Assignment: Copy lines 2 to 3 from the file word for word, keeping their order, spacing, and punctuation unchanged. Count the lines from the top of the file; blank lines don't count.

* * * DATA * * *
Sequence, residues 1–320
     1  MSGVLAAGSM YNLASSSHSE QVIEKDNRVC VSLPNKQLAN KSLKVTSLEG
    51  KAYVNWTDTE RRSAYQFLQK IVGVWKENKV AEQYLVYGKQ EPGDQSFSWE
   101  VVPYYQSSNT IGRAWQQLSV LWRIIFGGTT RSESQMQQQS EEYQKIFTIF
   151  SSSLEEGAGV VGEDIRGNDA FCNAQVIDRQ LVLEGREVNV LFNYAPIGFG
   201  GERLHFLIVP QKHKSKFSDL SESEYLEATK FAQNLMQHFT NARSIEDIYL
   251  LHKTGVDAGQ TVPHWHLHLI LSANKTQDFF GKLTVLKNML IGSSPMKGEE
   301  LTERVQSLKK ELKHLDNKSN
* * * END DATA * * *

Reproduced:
     1  MSGVLAAGSM YNLASSSHSE QVIEKDNRVC VSLPNKQLAN KSLKVTSLEG
    51  KAYVNWTDTE RRSAYQFLQK IVGVWKENKV AEQYLVYGKQ EPGDQSFSWE